Leslie Pintchik: Two Different Kinds of Art
The DVD, Leslie Pintchik Quartet Live In Concert, shows her performing in an intimate setting. The performance was part of the Shandalee Music Festival's winter series of concerts known as the New York Showcase, and the venue is a family townhouse on the Upper East Side of Manhattan. "That's why the surroundings are so nice. One thing that cracked me up when I saw the footage is that there's a Buddha over my shoulder through the performance," says Pintchik, laughing. "The room is full of wonderful paintings and sculpture; there's some wonderful Asian art. Also, the piano is really excellent."
Leslie Pintchik Quartet, from left: Leslie Pintchik, Scott Hardy, Mark Dodge, Satoshi Takeishi
Pintchik's comment about the quality of the piano is a reminder that pianists must always be ready to play a different instrument every time they perform at a new venue. Her description of how she deals with the issue reveals a very organic relationship with the instrument: "I like a warm, round sound, and sometimes I feel like the piano I'm playing is shrieking. That's not the mood I want to convey. So I might change what I plan to playtake a certain part of my repertoire that's more suitable for the instrument. Ideally you try to create a sound in your head and reproduce it through the instrument, and there is something spiritual about that. So in difficult situations, I try to remind myself that it's up to the musicianthe instrument wants to play music, but it can be a challenge. Sometimes I fail that challenge. Once I was playing a piano that decayed really quicklyit had no bloom, like speaking to someone with no affect. The first half of the gig, I was almost whacking it because I was so upset, but then after the break I decided to be more relaxed, to try to get a more vocal quality from the instrument. And it helped, at least in terms of how I was feeling."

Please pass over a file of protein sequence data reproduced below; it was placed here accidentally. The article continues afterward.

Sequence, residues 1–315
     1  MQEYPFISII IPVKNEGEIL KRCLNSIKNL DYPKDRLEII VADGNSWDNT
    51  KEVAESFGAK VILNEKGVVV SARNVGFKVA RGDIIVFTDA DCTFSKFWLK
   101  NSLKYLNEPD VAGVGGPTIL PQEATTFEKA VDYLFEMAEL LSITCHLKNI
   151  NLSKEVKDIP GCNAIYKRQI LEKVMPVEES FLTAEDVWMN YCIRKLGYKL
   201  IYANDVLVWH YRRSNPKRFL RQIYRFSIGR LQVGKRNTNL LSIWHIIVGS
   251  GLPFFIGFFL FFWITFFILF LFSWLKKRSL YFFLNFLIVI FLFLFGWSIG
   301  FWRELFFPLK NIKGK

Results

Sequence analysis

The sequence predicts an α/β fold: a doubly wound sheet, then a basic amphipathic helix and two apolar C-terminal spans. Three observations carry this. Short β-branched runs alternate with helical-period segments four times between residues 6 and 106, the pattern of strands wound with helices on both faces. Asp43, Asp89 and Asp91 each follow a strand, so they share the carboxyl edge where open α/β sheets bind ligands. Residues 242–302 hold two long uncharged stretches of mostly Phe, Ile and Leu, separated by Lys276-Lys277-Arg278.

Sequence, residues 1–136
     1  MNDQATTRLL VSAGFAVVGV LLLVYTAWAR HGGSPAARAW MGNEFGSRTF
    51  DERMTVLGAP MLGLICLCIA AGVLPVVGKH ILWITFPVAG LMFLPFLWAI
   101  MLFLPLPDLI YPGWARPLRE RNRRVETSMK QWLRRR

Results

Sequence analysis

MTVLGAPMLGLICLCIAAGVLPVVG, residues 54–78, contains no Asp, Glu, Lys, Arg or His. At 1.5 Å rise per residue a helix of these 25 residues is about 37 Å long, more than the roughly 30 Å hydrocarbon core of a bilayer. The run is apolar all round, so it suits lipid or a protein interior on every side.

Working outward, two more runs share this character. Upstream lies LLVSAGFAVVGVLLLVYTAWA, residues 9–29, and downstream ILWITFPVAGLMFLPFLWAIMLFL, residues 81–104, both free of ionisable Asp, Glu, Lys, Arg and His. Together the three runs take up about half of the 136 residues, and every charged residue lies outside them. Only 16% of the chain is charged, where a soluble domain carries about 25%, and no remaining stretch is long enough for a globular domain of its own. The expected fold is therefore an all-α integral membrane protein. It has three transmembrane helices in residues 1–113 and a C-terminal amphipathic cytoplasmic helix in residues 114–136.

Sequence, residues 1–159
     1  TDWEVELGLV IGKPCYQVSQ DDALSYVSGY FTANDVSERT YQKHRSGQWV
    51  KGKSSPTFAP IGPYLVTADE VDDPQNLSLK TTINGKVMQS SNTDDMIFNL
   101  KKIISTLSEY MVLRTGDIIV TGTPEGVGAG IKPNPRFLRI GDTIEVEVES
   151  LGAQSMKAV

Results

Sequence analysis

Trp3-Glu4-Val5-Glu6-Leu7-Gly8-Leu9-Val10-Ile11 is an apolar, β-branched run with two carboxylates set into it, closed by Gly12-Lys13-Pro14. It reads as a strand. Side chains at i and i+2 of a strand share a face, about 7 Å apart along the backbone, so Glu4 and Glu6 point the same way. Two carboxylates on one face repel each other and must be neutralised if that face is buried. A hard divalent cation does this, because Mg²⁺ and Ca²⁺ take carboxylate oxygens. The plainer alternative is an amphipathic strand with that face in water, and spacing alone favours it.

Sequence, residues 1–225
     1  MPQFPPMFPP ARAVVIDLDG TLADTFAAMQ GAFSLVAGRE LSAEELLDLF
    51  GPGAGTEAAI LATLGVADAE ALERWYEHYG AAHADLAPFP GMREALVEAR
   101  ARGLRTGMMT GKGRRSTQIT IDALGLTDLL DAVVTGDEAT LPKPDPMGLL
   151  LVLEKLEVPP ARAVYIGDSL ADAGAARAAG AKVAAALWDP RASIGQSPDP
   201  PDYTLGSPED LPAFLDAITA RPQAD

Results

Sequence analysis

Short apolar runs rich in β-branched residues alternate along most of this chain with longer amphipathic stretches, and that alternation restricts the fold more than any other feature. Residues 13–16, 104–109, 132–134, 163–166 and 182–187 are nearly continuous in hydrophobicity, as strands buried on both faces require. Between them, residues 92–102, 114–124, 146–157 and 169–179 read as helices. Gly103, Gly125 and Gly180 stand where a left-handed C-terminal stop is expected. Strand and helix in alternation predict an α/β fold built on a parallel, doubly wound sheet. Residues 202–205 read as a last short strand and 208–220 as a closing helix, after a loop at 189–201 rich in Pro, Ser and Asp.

From her earliest years as a jazz musician, Pintchik was composing as well as playing. Her style, she feels, developed almost subconsciously from the combination of these two creative activities. "I think that it does happen like that. I think the way I play, at least initially, came about from the composing that I was doing. I felt comfortable as a writer before I did so as a player. I don't know why that was, but I think that the way I play grew out of the feeling and the narrative of different pieces. A tune like 'Mortal' [from So Glad To Be Here], for example, has a tremendous amount of silence, and you have to experience that silence. That's a big part of my voice." Her style certainly does make use of space, doing so with great effect. The risk with such a calm and meditative approach is that it could give the erroneous impression that her playing is simplistic. Pintchik is not above a spot of self-deprecation on the matter: "Someone once came up to me at a gig and said, 'How long will I have to practice before I sound like you?' I was taken aback and just said, without meaning to be glib, 'Oh, not long!'"
While Pintchik composes tunes herself, she also covers the work of other writers. This is, of course, a very common strategy for a jazz musician, but her own approach is unusual. "I'm drawn to something that touches me," she says, "both in my own writing and in terms of choosing other composers' tunes. It usually starts with a feeling that I have. Then I work to clarify and refine that feeling. I definitely don't go towards a particular composer or even a particular genre."
The pianist's lack of concern with genre boundaries is ably illustrated by her selection of tunes across her three albums. The majority are originals, by Pintchik or occasionally by Hardy, and there are a few classic American Songbook numbers too. Many contemporary jazz pianists regularly record their own versions of classic jazz piano tunes, but Pintchik has only covered one tune by a recognized jazz pianist: Thelonious Monk's "We See," on So Glad To Be Here.
Most intriguingly, We're Here To Listen features two striking covers of what could loosely be termed American roots classicsBob Dylan's iconic "Blowin' in the Wind" and Allen Shamblin and Mike Reid's lovely Americana torch song, "I Can't Make You Love Me." The latter song is probably best known in Bonnie Raitt's version, but it's by no means part of the jazz canon. "I'm a big Bonnie Raitt fan," says Pintchik, "but some jazz people hadn't even heard of the song. Obviously, a lot of people are doing versions of pop tunes, more so than in the past, but there are still plenty of jazz musicians who are not interested in things outside the jazz field. For me, everything is an expression of who you are, so it doesn't matter where the music comes from."